“Jeb Bush never entered this race with a lot of support,” he said. “He got a little bit of support mainly because he was touted as the front-runner. But as soon as he got on the stage, the voters looked at him, particularly in places like Iowa and New Hampshire, and said, ‘You know what? Thank’s for your service to the country. Your brother and father had their time in the Oval Office, and now it’s time for somebody new.’

“Bush never presented himself as something that was new or different,” he said. “I really don’t see anything catching fire there.”

Still, Mr. Bush has said he is in the race for the long haul and staying in the hunt though Super Tuesday and the other March primaries.

The campaign has settled on a strategy of waiting for Republican voters to come to their senses, abandon Mr. Trump and seek out a more serious candidate in Mr. Bush.

“People, I think, will go into the voting booth and say, ‘Who is best fit to be our next president?’ And clearly, you look at Donald Trump and he’s full of vulgarity, he’s full of insults and he’s just not serious,” Bush campaign surrogate and former House Majority Leader Eric Cantor said recently on Fox News.

Also an establishment figure, Mr. Cantor lost his House seat in a Richmond, Virginia, district in a 2014 primary election upset to tea party-backed Dave Brat.

After months of trying to ignore Mr. Trump and stay above the fray, Mr. Bush has begun aggressively attacking the billionaire businessman and reality TV star.

He took repeated shots at Mr. Trump in the Dec. 15 candidates debate in Las Vegas, including calling him a “chaos candidate” and “unhinged.”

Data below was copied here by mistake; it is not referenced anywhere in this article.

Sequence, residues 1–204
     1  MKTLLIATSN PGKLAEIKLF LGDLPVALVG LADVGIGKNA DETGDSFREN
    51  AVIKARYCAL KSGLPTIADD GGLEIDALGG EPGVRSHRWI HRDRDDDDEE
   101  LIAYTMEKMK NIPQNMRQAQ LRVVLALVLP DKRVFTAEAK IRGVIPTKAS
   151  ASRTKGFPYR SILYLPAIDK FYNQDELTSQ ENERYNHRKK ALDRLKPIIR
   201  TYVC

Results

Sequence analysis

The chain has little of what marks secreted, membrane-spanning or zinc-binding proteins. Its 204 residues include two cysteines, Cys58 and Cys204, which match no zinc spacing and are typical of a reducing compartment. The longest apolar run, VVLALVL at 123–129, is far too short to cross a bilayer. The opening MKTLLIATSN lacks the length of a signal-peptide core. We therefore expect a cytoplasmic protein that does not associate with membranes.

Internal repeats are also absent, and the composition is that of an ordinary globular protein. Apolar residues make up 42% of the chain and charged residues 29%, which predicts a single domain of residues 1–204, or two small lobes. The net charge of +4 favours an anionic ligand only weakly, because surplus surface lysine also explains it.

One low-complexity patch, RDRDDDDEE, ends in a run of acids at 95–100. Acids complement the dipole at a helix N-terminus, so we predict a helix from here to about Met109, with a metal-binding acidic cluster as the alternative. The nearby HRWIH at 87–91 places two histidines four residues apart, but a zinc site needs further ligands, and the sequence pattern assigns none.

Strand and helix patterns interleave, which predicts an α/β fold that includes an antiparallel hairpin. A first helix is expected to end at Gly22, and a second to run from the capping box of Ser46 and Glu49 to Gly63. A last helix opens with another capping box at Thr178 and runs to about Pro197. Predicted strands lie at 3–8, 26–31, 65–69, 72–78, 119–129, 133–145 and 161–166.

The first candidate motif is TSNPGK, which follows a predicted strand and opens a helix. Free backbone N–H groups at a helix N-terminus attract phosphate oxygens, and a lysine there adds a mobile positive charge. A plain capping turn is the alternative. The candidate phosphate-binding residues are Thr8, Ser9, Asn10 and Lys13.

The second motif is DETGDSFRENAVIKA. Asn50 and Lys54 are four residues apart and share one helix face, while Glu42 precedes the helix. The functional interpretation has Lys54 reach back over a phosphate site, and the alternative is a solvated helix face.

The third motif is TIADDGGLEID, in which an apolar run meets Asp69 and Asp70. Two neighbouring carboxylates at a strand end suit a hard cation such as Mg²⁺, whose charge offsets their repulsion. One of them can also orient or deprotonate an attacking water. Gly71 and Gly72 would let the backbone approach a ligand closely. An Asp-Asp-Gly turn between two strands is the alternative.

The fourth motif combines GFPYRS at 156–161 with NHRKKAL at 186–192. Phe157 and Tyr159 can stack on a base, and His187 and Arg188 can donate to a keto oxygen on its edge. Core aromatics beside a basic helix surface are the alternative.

Mr. Bush then featured his blustery performance in a TV ad titled “The Only One,” in which he knocked rivals Sen. Ted Cruz of Texas, Sen. Marco Rubio of Florida and New Jersey Gov. Chris Christie for failing to stand up to Mr. Trump.

The gloves also came off on the stump.

“I’ve got to get this off my chest: Donald Trump is a jerk,” Mr. Bush said, eliciting laughs and applause at a town-hall-style meeting in Contoocook, New Hampshire.

“You can’t insult your way to the presidency. You can’t disparage women, Hispanics, disabled people. Who is he kidding? This country is far better than that,” said Mr. Bush. “The idea that he is actually running for president insulting people is deeply discouraging to be honest with you, and I think we should reject that out of hand. A guy like that should not be the front-running candidate of our great party. That’s not how we win.”

He joked that his outburst, albeit measured, was a form of therapy.

“I feel better now,” he said. “I’m glad you allowed me to do it.”

Mr. Jewett, the professor, said it was an understandable strategy, but Mr. Bush risked pushing away Mr. Trump’s supporters whom he should be courting.

“It’s a fairly dramatic move to try to stem the declining poll numbers and get Jeb back in the race, but it’s a risky strategy and it probably won’t work,” he said. “He’s hoping there is still a big reservoir of establishment Republicans who will show up and vote.”